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  • The Apache Indians: In Search of the Missing Tribe
  • Joe Watkins
Helge Ingstad . The Apache Indians: In Search of the Missing Tribe, translated by Janine K. Stenehjem. Lincoln: University of Nebraska Press, 1945, 2004. 188 pp. Cloth, $24.95.

This book is a recent translation of a 1939 publication (originally in Norwegian) presenting an account of a 1930s expedition into the Sierra Madre of northern Mexico in search of "the last remaining renegade Apaches" (77). These Apache purportedly occupied the Sierra Madre in a lifestyle more fitting to the time when Apache chiefs Geronimo and Vitorio were waging war with the United States and Mexico.

Ingstad should not be totally unknown to archaeologists, for his ethnohistoric research on the lands and locations described in the old Norse sagas detailing the Viking discovery of North America—Leif Erikson's voyage to Vinland in about 1000 A.D.—led him to discover ruins with Nordic characteristics and artifacts at L'Anse aux Meadows in Newfoundland. Subsequent excavations by him and his wife, archaeologist Anne Stine Ingstad, helped strengthen the connection between the Norse and North America.

Benedicte Ingstad, the author's daughter, provides a personal background on Helge Ingstad in the preface. All of his various experiences as a Norwegian lawyer, a trapper in northern Canada, a government official for the Norwegian settlements in Greenland, and an adventurer in many ways informed his perspectives on North American Indigenous people. Readers of this and other volumes published by Ingstad will recognize the anthropological perspectives that inform Ingstad's writing: much of his intent in working with Indigenous people was in recording "an oral cultural heritage before it became (too much) influenced by the modern world" (xiv).

The book's introduction by Thomas Nevins provides an historical and cultural background to the Apache. Nevin's discussion of the origin and subsequent migrations of some of the Athabascan groups to the American Southwest lays the context for the nomadic groups, later to become known as the Apache and the Navajo, that spread across Arizona, New Mexico, and Texas and down into adjacent portions of Mexico.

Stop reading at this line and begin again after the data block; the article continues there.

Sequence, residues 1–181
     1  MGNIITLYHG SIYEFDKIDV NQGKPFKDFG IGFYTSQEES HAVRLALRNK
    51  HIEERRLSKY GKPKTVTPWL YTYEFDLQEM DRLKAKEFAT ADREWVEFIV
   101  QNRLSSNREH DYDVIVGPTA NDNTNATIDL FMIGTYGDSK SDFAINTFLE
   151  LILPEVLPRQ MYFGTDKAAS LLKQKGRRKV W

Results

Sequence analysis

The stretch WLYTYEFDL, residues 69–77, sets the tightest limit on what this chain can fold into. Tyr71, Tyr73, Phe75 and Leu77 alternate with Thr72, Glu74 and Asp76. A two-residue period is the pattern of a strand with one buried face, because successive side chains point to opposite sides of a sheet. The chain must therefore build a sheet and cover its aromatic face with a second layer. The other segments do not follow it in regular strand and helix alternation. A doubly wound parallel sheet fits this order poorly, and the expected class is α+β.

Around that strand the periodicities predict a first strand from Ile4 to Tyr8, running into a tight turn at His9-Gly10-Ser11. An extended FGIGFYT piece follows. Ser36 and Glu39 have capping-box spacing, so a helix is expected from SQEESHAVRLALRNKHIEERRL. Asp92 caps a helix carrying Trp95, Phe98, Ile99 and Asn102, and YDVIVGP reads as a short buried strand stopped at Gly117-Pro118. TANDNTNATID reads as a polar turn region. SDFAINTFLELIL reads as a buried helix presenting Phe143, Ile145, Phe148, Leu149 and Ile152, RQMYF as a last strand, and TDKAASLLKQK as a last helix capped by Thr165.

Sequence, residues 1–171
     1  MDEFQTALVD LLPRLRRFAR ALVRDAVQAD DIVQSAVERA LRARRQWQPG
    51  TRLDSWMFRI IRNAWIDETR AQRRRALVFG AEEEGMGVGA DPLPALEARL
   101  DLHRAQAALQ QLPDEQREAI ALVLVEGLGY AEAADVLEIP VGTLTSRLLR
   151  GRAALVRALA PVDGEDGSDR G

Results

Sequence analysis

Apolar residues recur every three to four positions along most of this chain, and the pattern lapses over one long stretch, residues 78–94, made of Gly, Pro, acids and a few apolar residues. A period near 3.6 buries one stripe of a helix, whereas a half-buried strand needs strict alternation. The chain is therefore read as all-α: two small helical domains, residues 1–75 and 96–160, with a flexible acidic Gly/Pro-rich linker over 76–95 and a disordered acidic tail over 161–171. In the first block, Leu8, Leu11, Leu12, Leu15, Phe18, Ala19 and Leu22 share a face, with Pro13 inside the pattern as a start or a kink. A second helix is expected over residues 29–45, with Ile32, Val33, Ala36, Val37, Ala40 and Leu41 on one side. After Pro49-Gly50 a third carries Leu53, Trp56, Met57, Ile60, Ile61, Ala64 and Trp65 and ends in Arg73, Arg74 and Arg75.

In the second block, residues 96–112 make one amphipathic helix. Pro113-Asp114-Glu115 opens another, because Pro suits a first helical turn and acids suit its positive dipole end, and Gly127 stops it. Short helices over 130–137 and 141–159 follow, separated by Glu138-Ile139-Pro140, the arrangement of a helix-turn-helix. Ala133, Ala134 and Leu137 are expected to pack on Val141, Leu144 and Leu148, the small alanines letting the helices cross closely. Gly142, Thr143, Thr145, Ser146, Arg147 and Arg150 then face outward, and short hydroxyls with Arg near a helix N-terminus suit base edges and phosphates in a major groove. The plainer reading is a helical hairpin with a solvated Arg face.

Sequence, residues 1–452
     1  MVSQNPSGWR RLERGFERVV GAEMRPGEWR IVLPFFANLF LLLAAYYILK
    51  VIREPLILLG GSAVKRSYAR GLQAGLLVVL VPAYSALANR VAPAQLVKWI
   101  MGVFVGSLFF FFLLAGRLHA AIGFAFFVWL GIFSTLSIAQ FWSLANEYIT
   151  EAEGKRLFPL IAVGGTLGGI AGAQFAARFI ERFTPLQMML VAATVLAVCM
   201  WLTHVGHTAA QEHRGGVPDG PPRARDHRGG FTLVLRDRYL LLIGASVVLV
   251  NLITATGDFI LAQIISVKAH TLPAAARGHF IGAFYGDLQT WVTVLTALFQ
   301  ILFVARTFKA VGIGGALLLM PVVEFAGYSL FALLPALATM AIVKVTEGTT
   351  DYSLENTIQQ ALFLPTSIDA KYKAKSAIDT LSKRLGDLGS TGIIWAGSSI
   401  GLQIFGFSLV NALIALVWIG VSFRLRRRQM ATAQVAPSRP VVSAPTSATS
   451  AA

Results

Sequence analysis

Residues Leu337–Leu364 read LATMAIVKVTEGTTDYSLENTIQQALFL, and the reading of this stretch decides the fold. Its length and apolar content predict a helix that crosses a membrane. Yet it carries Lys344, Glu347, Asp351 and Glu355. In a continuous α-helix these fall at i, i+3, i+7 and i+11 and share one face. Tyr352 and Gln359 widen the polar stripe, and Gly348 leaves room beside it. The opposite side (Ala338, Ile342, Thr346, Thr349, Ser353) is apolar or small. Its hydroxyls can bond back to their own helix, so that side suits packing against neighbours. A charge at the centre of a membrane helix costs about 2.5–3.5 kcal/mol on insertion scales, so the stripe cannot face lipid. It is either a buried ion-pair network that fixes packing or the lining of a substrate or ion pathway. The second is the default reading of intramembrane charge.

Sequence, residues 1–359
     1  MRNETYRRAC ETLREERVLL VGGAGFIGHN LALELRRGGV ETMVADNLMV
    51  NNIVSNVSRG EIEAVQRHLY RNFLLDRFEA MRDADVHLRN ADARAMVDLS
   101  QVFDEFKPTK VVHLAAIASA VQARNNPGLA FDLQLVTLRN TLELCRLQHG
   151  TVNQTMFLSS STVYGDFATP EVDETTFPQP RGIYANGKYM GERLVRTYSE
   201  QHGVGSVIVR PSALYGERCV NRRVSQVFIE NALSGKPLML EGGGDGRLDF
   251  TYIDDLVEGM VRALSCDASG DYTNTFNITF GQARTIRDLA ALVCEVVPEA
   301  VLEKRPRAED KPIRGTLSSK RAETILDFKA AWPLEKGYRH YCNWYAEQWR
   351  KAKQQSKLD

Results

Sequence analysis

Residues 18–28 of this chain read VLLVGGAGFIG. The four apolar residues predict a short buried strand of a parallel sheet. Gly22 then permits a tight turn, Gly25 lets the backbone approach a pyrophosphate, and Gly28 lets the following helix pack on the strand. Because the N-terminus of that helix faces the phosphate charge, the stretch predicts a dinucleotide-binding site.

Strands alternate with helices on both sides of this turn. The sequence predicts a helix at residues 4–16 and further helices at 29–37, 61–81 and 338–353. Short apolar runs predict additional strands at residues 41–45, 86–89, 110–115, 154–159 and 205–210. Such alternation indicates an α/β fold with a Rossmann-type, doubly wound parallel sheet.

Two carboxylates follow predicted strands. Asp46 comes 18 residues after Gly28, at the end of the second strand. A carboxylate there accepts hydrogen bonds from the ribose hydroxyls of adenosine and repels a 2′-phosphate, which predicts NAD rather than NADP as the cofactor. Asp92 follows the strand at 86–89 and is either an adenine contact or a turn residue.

The reason for Ingstad's visit to Arizona and eventually into Mexico is based on the four years he spent trapping and living among the Chipewyan Indians in Canada. The Chipewyan speak an Athabascan language, and their stories of people from their tribe who had traveled south and never returned inspired Ingstad to travel to Arizona, where, in 1936, he began work as a cowboy on the White Mountain Apache Reservation.

The book itself is definitely not a contemporary depiction of an author's journey through the American Southwest and into northern Mexico. It is written in a [End Page 225] somewhat anachronistic style, slipping at times between a third-person narrative and a first-person presentation. Because of those shifts the reading is sometimes unwieldy and difficult, teetering on the edge of distraction. It is a product of its time, written in the 1930s during the time of another U.S. experiment in Indian policy, the Indian Reorganization Act of 1934. It reads like a diary but is more than that. It is perhaps equal parts time capsule, ethnology, and life history.

There are some ethnographic jewels in Ingstad's writing. Ingstad's description of a puberty ceremony (48–51) is much less detailed than an anthropologist's might be, but the description is less mundane, including with the ethnographic details the environmental sights and sounds the participants would have experienced. These details offer more insights into the Apache culture itself rather than merely describing the ceremony. Ingstad's interdigitation of the environment with the people strengthens the description of the ceremony. The discussion of the social dance that followed the ceremony is likewise full of detail and anecdotes.

But it is the expedition to the Sierra Madre in search of the last free-roaming Apaches that is the supposed subject of this book. While the calendar of the day might have shown that it had been more than fifty years since the Geronimo's surrender in 1886, the Indian Wars were apparently still going on in Mexico. The chapters that relate Ingstad's attempts to find...


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